A number of programs have become associated with restorative justice because of the processes they use to respond to and repair the harm caused by crime:

  • victim-offender mediation programs use trained mediators to bring victims and their offenders together in order to discuss the crime, its aftermath, and the steps needed to make things right
  • circles are similar to victim-offender mediation, but differ in that they involve not only the offender and victim, but also their family members, community members, and government representatives
  • conferencing programs are also similar to victim-offender mediation, but have tended to more closely linked to the criminal justice system than either VOM or circles
  • victim-offender panels bring together groups of unrelated victims and offenders, linked by a common kind of crime but not by the particular crimes that have involved the others
  • victim assistance programs provide services to crime victims as they recover from the crime and proceed through the criminal justice process
  • ex-offender assistance programs provide services to offenders while they are in prison and on their release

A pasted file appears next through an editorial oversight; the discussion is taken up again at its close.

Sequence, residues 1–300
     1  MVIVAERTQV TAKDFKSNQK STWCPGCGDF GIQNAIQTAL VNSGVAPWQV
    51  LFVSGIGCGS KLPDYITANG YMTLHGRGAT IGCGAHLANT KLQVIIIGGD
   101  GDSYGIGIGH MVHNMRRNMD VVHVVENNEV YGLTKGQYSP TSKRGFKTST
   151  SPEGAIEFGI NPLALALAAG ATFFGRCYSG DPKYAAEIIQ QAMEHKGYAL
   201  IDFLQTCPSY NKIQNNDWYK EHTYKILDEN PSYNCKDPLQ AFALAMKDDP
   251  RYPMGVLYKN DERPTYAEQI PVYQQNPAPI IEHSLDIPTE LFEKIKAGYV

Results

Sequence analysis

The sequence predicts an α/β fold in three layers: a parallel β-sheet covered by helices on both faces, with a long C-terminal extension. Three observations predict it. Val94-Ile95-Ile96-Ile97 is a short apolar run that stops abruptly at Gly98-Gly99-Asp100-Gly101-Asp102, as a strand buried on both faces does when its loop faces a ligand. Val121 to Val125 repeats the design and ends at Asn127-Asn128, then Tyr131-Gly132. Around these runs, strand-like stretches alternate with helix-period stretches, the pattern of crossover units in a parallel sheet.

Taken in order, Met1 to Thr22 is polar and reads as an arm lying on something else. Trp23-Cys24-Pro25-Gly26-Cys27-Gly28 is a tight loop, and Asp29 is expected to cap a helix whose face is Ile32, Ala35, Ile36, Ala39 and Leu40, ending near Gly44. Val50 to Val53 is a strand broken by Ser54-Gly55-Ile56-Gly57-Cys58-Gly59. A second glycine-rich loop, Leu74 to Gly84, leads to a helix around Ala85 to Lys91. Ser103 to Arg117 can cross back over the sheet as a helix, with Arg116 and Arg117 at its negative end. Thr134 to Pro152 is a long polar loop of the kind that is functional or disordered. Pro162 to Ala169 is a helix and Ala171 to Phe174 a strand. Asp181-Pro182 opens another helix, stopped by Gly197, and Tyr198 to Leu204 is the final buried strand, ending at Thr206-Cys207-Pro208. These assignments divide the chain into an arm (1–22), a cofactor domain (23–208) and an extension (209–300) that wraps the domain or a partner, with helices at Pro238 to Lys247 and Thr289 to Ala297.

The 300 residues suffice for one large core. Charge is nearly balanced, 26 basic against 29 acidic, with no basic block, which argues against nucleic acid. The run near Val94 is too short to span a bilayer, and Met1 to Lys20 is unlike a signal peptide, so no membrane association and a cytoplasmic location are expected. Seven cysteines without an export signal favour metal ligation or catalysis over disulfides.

Although reparative in nature, the following outcomes are not inherently restorative since they can be -- and have been -- used in ways that are more destructive or vindictive than reparative. However, when they are the outcome of a restorative process, they can provide important avenues for "making things right".

  • restitution programs require offenders to repay those who have been harmed by their offenses, generally through monetary payments but in some cases through in-kind services to the victims
  • community service programs require offenders to address the indirect harm to a community caused by crime by performing unpaid work that benefits the community
  • victim compensation funds provide payment to victims by the government or another party unrelated to the offender, in an amount based on the nature and extent of the harm received